People often say that ‘a picture is worth a thousand words’, a dictum that rings true when exploring the content of the ambitious first issue of Collection of Documentaries (C.O.D). Contained in the thick, glossy pages of the chunky publication are an assortment of visual essays that explore the essence of British culture in modern-day society. For a magazine that looks to document contemporary life, C.O.D has a decisive and refreshing lack of an online presence (check out their website); existing simply as a physical entity and opting out of having content trickle and fragment into cyber space. Allusions to modern life are instead conveyed in the images themselves: one series explores the multiplicity of selves that exist on online profiles; another is interspersed with hurried, opportunistic photographs taken on mobile phones.
Adam J. Evans-Pringle’s page design is simple and clear: a white background frames each image, giving the photographs central importance. Pace and emphasis are conveyed through the placement or size of each picture: In ‘The Destruction or the Illusion of Demolition’ the sensation of fast movement is evoked by the corner positioning of a photograph of two boys swinging through a fence – as the boys swing, we swing to the next page as well (above). From the same series, a picture of hooded boys hugging fits the entirety of the page, a still and consuming effect that invites us to dwell on their camaraderie (below).
Following this visual essay depicting Britain as a war zone of smoke, skin-headed boys and destruction is a series entitled ‘Rehearsals’ depicting dancers in training (above). The transition from one series to the next creates an enticing juxtaposition: running bodies on the street become contorted bodies in the rehearsal room – Britain is evoked as a place of movement and dynamism.
The photographs are not just a love letter to the country; many of the images also champion the male body. A triad of photographs aligns the male torso with power as a young boy is contrasted with a statue boasting an authoritative fist pump (above), whilst a series entitled ‘escrt_ethan:::vers_19’ offers a softer view of male sexuality (below).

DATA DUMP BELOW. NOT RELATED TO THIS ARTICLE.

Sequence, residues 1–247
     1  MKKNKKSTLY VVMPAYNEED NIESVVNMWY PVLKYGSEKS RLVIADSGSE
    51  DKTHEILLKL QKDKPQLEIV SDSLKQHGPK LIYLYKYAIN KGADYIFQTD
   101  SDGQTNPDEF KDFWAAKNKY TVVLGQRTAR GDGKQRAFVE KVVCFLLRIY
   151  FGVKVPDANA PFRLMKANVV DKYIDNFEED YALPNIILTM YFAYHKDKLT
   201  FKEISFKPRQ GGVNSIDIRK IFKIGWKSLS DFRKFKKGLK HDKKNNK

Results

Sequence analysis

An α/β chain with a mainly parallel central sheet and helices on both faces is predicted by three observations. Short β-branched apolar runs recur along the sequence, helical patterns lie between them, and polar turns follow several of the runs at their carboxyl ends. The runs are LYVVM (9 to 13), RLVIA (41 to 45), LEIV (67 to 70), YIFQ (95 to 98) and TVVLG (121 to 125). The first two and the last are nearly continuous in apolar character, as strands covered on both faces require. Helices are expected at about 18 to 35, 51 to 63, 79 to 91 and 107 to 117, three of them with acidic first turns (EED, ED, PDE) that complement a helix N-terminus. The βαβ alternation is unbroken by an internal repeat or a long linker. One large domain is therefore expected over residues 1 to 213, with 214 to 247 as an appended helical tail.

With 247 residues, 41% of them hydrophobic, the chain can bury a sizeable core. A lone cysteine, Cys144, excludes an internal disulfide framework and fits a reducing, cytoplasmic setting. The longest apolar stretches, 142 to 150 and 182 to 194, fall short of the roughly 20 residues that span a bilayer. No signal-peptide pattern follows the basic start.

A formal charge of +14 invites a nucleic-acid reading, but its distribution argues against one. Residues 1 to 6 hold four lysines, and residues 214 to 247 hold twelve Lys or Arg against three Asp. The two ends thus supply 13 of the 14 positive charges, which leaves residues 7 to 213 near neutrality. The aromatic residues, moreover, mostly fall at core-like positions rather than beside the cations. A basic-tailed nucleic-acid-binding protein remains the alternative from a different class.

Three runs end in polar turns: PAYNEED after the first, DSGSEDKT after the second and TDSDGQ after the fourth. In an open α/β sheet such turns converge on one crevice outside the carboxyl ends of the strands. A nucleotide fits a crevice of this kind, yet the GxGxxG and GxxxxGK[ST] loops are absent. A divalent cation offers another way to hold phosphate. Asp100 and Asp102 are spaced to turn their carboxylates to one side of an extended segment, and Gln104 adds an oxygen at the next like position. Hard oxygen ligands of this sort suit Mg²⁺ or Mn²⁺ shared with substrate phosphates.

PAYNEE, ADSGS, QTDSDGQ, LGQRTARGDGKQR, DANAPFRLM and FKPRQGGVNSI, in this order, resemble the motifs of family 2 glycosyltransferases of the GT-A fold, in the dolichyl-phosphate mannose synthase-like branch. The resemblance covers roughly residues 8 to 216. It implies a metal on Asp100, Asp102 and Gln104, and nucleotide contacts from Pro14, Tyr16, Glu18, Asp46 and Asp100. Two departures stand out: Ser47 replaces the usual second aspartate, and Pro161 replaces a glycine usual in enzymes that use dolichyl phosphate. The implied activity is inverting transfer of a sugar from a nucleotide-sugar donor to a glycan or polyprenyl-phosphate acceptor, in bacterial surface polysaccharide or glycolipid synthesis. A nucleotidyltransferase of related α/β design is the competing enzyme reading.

The tone of the images takes a turn towards the public school towards the end of the issue; moving away from ‘A Clockwork Orange’ and into the realm of ‘If….’ A pink tint and decorative headline face break garishly from the minimal aesthetic of the rest of the pages (above). This near-satirical shift from Adidas tees to Tommy Hilfiger suits and ties emphasises the ongoing, pervasive class-consciousness of the country.
The pictures both challenge and confirm the nostalgic clichés and associations of ‘Real Britain’, and as Lee Crichton notes in his editor’s letter, the contributors work together to celebrate the ‘old, new, unseen and overlooked’ aspects of Britain today. The magazine’s photographic assemblage is very much an interpretation of the country, it is in no ways all-encompassing – for a magazine that sets out to document British culture and youth, it could perhaps do with more of a glimpse into obscure female Britain as well.
As it is, C.O.D is a portrait with a particular focus on masculinity, power relations, youth culture, rebellion, and class war, a Britain we’ve seen in films like ‘This Is England’ and ‘Kes’. The project is an impressive feat: the sheer scale of the thing makes it more of a coffee table book than an ordinary publication, and to convey the message of your magazine through visual essays is a brave move, as is rejecting social-media.
Review by Madeleine Morley